At the same time or a little later, a German currency reform of 1751 made the Maria Theresa thaler, also silver, the common currency of the German speaking world, even those parts of it that were Protestant and did not acknowledge her supremacy as Holy Roman Empress. In this case, the coin’s reserve currency status spread far beyond Germany; it was minted in six mints outside the Austrian dominions, and circulated not only in Africa but also the Middle East long after Maria Theresa’s death in 1780, coins minted after that date being date-stamped “1780” even though they were freshly minted. Thus when my father first visited Saudi Arabia in 1963, Maria Theresa thalers were still circulating actively – doubtless many of the local inhabitants, users of the Moslem calendar, were unaware that it was no longer 1780 in the outside world! The last coiner of Maria Theresa thalers was not Austria but Britain, which finally abandoned the practice in 1962, after representations from the post-war republican Austrian government.

The dollar would lose reserve currency status, not through a sudden attempt at fiscal probity, but through a further period of current policies, trillion dollar deficits accompanied by random large-scale Fed buying of Treasuries and agency bonds. At some point, whether because of a resurgence in inflation or the dawning of doubt about long-term U.S. solvency, international demand for both dollars and Treasury bonds would decline sharply, and the world would seek the benefits of diversification.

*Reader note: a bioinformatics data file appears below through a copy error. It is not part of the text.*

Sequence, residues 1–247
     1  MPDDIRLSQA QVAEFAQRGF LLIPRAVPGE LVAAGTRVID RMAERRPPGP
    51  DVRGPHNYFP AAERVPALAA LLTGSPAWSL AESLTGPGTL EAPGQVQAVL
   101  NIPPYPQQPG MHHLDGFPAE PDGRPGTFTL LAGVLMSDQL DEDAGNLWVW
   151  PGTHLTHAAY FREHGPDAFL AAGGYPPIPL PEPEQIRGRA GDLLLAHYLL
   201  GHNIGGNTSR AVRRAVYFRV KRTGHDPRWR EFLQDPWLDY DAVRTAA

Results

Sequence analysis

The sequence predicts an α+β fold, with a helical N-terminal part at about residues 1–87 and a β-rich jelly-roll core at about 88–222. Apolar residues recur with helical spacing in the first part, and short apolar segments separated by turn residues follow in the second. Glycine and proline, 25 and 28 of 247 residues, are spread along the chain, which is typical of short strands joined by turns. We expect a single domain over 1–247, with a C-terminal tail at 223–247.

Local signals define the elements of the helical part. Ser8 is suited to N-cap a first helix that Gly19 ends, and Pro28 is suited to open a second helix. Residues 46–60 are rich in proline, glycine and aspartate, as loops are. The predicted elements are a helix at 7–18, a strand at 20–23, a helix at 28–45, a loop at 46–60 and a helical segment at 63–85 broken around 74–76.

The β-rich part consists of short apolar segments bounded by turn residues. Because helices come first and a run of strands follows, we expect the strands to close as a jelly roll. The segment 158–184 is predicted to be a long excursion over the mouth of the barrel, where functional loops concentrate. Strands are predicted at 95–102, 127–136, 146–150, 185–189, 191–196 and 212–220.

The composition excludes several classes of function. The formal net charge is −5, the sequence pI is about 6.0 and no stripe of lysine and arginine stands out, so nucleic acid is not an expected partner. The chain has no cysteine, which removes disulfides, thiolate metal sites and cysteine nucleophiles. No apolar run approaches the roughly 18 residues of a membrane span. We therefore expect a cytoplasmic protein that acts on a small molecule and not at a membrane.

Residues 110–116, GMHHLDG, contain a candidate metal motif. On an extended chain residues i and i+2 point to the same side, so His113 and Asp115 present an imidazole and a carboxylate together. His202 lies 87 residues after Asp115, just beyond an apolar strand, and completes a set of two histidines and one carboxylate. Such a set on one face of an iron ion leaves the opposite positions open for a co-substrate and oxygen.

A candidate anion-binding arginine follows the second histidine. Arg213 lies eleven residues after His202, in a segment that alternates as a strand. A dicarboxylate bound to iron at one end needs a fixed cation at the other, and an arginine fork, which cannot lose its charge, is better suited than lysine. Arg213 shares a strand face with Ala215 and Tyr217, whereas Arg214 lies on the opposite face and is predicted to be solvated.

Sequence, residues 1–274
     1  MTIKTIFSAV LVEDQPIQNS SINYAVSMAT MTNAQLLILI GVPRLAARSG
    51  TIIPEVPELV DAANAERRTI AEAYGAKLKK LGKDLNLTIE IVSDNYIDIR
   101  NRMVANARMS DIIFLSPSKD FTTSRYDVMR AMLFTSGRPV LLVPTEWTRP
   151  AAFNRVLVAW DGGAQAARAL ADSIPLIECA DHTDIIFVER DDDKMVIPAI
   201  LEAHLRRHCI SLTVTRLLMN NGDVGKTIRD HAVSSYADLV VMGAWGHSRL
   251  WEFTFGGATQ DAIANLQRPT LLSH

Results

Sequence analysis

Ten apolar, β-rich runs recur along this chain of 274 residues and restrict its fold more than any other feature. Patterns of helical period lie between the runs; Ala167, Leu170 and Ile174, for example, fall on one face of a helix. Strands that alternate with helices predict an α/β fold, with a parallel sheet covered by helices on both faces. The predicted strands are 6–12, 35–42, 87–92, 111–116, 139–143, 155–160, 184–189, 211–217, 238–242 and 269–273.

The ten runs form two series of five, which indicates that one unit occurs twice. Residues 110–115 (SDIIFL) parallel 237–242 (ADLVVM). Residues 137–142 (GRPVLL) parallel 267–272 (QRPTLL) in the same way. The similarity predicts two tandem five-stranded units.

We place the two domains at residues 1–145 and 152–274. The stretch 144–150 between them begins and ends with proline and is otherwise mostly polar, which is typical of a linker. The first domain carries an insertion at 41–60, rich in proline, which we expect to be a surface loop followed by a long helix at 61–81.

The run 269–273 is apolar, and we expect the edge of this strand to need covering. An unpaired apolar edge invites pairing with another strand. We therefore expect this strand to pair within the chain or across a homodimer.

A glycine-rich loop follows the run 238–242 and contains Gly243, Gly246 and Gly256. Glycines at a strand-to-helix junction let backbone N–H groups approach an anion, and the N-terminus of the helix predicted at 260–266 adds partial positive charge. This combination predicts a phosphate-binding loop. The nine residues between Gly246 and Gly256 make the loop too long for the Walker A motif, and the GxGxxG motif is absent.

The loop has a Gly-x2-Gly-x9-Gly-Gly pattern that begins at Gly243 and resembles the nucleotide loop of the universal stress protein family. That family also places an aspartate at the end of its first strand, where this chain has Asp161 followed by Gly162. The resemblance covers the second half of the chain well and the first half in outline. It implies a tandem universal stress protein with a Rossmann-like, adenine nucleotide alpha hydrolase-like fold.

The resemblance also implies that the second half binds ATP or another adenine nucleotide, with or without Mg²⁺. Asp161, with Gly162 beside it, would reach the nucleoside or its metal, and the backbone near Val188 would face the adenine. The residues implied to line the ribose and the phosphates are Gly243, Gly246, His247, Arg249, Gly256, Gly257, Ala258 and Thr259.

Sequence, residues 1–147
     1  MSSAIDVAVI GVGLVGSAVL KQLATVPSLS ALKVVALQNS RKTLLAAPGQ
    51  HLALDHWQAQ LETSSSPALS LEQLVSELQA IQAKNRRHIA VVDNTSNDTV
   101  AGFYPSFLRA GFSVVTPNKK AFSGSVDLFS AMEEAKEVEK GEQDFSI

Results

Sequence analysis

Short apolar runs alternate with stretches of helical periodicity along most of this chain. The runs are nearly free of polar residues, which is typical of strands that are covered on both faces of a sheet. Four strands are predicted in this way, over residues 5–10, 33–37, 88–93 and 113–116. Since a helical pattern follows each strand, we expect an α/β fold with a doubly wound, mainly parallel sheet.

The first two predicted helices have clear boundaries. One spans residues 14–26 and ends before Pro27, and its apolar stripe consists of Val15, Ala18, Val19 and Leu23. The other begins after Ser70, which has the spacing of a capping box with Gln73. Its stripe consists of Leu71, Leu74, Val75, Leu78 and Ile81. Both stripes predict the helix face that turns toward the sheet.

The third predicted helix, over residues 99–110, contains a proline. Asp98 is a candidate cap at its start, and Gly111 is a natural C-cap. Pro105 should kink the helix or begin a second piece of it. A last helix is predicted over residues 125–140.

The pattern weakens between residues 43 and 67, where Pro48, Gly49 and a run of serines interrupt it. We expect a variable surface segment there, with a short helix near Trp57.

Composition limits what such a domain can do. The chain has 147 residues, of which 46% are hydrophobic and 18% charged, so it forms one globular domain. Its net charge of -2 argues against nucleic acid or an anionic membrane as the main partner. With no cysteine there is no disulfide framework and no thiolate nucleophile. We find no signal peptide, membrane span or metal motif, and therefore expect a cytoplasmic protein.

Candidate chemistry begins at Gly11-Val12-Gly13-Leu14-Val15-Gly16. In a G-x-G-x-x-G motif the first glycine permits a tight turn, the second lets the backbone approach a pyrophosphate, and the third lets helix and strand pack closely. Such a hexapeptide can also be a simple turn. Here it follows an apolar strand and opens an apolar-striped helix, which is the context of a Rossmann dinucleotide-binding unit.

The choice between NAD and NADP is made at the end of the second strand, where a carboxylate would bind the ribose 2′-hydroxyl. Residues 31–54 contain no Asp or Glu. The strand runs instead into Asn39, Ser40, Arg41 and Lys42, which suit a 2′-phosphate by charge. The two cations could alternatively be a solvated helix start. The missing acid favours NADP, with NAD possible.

One such avenue of diversification would be gold, but with the world’s central bankers fanatical in their determination not to consider a gold standard, thus would simply drive the price of gold up to extraordinary heights, at which its price risks were so great that conservative investors would not dare hold it for more than a small portion of their assets. Accordingly the search would be on for an alternative store of value and currency in which trade could be denominated.

None of the major currently available alternatives look very attractive. Sterling is in the same pickle as the dollar; the Coalition government’s cuts in spending have been minimal and the Bank of England’s purchases of gilts huge. The yen suffers from an overhang of government debt second only in size to those experienced by Britain at the end of the 1815 and 1945 world wars (other than debts that eventually defaulted). The renminbi is over-controlled by a Communist government, and in any case China’s economy is full of hidden mysteries like the bad debts in the banking system.

The euro, generally fairly well managed because of the large influence of the German Bundesbank on the European Central Bank, suffers from the feckless nature of several of its Mediterranean members. In this context I have referred several times in these columns to Spain being well run, and thus not a major problem. I hereby withdraw that judgment. It never occurred to me that Spain’s economically most important region, itself fiscally mismanaged and responsible for a large part of Spain’s problems, would choose the middle of a financial crisis to attempt to hold a referendum on independence. Whatever the merits of independence for Catalonia (and it is only one of the independence movements throughout Europe likely to appear now that the EU has made the nation state appear largely redundant) there can be no question that opening the matter at this juncture is an action of gross irresponsibility and malice.